Cover image for Christian Missionaries, Ethnicity, and State Control in Globalized Yunnan By Gideon Elazar

Christian Missionaries, Ethnicity, and State Control in Globalized Yunnan

Gideon Elazar

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$124.95 | Hardcover Edition
ISBN: 978-0-271-09555-4

262 pages
6" × 9"
6 b&w illustrations/1 map
2023

World Christianity

Christian Missionaries, Ethnicity, and State Control in Globalized Yunnan

Gideon Elazar

Following the Communist Revolution of 1949, missionaries were kicked out of China and proselytizing was outlawed. However, since the beginning of the reform era, China has witnessed a massive return of missionary workers. Today there are more Christians in church on a given Sunday in China than anywhere else on the globe.

 

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Following the Communist Revolution of 1949, missionaries were kicked out of China and proselytizing was outlawed. However, since the beginning of the reform era, China has witnessed a massive return of missionary workers. Today there are more Christians in church on a given Sunday in China than anywhere else on the globe.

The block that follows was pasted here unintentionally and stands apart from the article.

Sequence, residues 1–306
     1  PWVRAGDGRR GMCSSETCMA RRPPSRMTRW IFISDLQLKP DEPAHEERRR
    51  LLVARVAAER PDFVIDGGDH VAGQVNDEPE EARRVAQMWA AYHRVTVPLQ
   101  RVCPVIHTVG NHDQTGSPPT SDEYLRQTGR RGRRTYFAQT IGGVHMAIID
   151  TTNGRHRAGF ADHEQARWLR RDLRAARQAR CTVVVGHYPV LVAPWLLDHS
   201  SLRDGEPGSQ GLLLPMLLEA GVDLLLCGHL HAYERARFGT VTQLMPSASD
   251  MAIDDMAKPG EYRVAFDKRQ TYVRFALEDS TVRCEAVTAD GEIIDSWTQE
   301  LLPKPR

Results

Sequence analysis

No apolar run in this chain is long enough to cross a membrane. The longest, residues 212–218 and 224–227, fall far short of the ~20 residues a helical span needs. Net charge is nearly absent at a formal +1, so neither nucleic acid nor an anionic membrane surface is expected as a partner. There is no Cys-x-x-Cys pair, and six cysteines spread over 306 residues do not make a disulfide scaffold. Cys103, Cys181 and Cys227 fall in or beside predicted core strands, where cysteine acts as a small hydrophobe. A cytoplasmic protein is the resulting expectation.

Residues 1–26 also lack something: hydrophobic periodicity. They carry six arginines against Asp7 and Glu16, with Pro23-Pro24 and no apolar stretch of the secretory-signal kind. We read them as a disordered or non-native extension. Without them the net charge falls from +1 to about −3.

This book investigates the interaction of Western missionaries, ethnic minorities, and Han Chinese converts with the Chinese state in an increasingly globalized China. Based on extensive ethnographic fieldwork conducted in Yunnan, it tries to make sense of the disparity between official state rhetoric and everyday reality. Examining morality in the context of the free-market system, spatial practices, linguistic activity, and Christian welfare organizations, Gideon Elazar reveals the ways in which the previously conflicting Communist Party and Christian “civilizing projects” have reached a measure of convergence, enabling local authorities to treat missionaries with a degree of tolerance. Elazar shows how this unofficial arrangement relates to the social realities and challenges of the reform era, including ethnic culture and identity, Yunnan’s many social problems, and the integration of ethnic minorities into the state system.

By exploring the continuously shifting social and religious borders negotiated by converts, missionaries, and state authorities in Southwest China, this book sheds light on the larger issue of contemporary religion in China’s global era. It will be of interest to researchers of religion, Christianity, and minority groups in the People’s Republic of China.

Gideon Elazar is Lecturer at Bar-Ilan University and Researcher in the Ariel University Eastern Research and Development Authority.